This box separates the lower dining terrace from the house level and creates a sense of enclosure when seated below. As it is situated close to the kitchen door, the box is planted with a mix of herbs as well as garden flowers. The twisted stemmed bay gives a degree of formality as well as height.

Exotic planting works well in this square box. A hardy palm is underplanted with coleus, the magenta splashes of the leaves are emphasised by the identical colour of the petunias and of this favourite plant of mine, Lythrum. Lythrum is native to the British Isles and grows besides streams and in boggy places. This variety, ‘Robert’, is identical in every way except for its shorter height and is a great garden plant. I’ve found that it grows in quite ordinary soil in the border and it certainly thrived here in these conditions.

 

PS I’ve just remembered! Spring Onions (Scallions) bought as bunches from the supermarket: when planted out early in the year, grow to become reasonable sized onions. They don’t store well but help to bridge the gap that occurs before those grown from sets are ready for harvest. Try some in your boxes!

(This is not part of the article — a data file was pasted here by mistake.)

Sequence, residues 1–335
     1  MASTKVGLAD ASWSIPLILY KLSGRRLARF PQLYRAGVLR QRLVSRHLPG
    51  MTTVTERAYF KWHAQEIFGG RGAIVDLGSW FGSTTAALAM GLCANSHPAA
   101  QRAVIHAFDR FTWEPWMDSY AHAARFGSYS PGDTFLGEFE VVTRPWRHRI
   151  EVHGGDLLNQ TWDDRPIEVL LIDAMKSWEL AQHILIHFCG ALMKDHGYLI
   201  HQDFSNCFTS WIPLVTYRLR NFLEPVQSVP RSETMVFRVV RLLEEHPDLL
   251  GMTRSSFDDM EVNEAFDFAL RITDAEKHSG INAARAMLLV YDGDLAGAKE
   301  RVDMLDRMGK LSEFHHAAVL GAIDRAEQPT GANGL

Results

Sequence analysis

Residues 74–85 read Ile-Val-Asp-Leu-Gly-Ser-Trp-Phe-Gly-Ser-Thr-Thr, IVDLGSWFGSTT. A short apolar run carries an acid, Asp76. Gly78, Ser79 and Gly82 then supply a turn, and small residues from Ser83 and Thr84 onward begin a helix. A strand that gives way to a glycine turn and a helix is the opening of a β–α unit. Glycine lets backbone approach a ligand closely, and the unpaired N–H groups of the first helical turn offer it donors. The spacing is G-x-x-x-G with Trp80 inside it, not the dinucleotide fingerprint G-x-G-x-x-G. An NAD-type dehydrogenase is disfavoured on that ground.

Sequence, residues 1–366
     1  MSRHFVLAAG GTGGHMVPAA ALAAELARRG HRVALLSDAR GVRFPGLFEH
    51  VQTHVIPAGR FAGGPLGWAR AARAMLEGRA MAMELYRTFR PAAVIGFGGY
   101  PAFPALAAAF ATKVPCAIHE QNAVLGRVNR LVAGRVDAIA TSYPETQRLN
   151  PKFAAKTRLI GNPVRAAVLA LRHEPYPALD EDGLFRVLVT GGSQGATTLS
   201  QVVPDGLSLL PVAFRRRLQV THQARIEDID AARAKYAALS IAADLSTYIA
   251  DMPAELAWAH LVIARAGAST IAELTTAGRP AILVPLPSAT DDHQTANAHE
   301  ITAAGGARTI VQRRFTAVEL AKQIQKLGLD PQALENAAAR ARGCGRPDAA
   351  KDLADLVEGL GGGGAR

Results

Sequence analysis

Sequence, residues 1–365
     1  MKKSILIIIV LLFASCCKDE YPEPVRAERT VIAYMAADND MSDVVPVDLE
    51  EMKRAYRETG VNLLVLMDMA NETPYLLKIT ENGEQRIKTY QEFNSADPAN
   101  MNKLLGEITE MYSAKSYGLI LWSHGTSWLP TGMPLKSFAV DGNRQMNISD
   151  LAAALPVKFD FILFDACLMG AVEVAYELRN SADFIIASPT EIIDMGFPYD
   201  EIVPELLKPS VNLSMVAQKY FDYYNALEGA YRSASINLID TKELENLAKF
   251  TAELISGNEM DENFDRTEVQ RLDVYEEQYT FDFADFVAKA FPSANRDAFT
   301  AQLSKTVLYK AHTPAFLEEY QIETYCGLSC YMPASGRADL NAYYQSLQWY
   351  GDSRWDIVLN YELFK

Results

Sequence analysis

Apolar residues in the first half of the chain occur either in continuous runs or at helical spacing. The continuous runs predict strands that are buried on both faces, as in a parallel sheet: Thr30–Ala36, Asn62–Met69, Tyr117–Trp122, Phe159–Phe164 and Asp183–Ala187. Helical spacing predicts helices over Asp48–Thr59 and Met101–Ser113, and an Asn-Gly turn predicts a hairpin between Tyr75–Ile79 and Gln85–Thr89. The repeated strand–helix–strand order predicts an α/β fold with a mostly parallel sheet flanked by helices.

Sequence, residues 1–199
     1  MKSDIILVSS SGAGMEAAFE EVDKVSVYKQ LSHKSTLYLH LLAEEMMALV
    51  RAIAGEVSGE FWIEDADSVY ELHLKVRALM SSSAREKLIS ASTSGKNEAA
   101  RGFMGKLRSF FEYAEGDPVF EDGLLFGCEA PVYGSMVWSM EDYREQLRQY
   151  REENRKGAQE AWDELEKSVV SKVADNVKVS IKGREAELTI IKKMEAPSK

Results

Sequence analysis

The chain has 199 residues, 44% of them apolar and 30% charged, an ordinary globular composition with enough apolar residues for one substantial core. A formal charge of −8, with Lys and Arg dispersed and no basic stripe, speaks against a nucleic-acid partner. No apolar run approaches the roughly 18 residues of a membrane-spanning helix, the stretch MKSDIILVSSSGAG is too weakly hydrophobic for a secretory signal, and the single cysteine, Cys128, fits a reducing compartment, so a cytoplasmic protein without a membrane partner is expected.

Watercress works as well: eat most of the stems you buy and plant just the last 2 – 3 inches in ordinary compost. Keep moist and it will provide food up until the first frosts.

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Thoughts of Summer Borders

With all the cold weather we have been having lately, the planning of new summer borders brings new enthusiasm to be out in the garden. On a long, dark night, what can be more pleasant than to sit in front of a blank sheet of paper, sketching and drawing, whilst thinking of balmy, warm days not so very far off? And you don’t need to be a great artist. I know, for I am the only member of my family that cannot paint or sketch well, yet I am the only one to make a living from design. I like to think that I paint with flowers instead.